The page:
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Ann Neurol. 1995 May;37 Suppl 1:S74-86.

Immunopathogenesis of inflammatory myopathies.

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Medical Neurology Branch, NINDS, NIH, Bethesda, MD 20892-1382, USA.


Immune-mediated mechanisms appear to play a primary role in the pathogenesis of polymyositis (PM) and dermatomyositis (DM). The serum of patients with active DM has high levels of circulating complement fragments C3b, C4b, and C5b-9 membranolytic attack complex (MAC) and demonstrates a very high C3 uptake in an vitro assay system. The MAC and the immune complex-specific C3bNEO fragment are deposited on the endomysial capillaries early in the disease and lead sequentially to loss of capillaries, muscle ischemia, muscle fiber necrosis, and perifascicular atrophy. In contrast, in PM the muscle fiber injury is initiated by sensitized CD8+ cytotoxic T cells that recognize heretofore unknown and probably endogenous muscle antigens in the context of major histocompatibility complex (MHC) class I expression. A restricted (oligoclonal) pattern of T-cell receptor with prominence of Va1, Vb6, and Vb15 genes is noted within the endomysial infiltrates suggesting that the T-cell response is antigen driven. In both PM and DM, intercellular adhesion molecule (ICAM)-1 and vascular cell adhesion molecule (VCAM)-1 are upregulated in the endomysial endothelial cells and function as ligands for the leukocyte integrins leukocyte function-associated antigen (LFA)-1 and very late activating antigen (VLA)-4, allowing activated lymphocytes to adhere to the endothelial cells and migrate to the muscle fibers. Among viruses, only the retroviruses human immunodeficiency virus (HIV) and human T-cell lymphotropic virus (HTLV)-1 have been convincingly shown to trigger PM, which is mediated by nonviral-specific, cytotoxic CD8+ cells. The treatment of inflammatory myopathies remains empirical. Many patients respond to steroids to some degree and for some period of time. Azathioprine, methotrexate, cyclosporine, cyclophosphamide, and plasmapheresis can be of mild to moderate benefit. High-dose intravenous immunoglobulin (IVIg) is a promising therapeutic modality for some patients resistant to therapies. In a controlled study, IVIg was effective in DM not only in improving the clinical symptoms but also in reversing the underlying immunopathology. The role of IVIg in PM and IBM is under study in control trials.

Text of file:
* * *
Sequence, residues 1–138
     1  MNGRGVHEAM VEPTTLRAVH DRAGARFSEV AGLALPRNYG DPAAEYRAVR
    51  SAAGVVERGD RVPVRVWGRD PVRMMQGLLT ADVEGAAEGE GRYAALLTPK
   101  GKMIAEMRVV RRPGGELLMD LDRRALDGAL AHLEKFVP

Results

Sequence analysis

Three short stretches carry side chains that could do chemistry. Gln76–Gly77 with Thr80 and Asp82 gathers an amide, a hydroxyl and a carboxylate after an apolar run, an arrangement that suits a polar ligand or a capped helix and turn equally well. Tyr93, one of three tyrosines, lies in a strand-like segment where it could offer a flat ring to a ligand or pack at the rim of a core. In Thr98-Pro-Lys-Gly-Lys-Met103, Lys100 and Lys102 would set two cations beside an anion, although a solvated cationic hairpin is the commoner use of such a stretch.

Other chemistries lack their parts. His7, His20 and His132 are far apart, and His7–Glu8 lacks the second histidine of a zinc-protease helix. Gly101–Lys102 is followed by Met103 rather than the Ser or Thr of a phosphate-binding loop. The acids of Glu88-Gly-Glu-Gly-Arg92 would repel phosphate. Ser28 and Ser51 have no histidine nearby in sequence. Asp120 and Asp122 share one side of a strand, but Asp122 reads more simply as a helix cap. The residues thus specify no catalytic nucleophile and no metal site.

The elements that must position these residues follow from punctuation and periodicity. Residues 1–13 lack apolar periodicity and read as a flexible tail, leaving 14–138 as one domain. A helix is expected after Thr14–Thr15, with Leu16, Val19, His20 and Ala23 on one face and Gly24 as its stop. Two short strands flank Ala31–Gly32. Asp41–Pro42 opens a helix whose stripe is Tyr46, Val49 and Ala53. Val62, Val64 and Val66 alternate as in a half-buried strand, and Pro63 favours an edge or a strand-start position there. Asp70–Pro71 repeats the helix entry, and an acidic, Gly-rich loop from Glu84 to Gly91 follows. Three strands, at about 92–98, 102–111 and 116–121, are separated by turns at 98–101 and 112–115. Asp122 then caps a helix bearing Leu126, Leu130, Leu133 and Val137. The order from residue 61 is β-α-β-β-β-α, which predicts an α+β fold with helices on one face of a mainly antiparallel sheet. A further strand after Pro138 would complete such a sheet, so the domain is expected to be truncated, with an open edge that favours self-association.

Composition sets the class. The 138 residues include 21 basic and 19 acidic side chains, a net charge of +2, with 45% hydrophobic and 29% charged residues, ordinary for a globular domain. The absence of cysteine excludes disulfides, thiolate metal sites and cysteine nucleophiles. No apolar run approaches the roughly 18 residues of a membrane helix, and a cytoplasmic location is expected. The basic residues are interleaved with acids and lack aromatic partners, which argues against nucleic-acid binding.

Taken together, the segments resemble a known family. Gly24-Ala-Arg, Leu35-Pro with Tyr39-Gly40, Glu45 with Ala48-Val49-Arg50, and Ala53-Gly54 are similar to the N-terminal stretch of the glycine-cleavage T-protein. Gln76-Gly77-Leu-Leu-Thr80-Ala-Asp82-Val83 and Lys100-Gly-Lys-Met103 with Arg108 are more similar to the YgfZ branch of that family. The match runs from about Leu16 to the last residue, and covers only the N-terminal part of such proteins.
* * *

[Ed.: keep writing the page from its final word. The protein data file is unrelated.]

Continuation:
[Indexed for MEDLINE]

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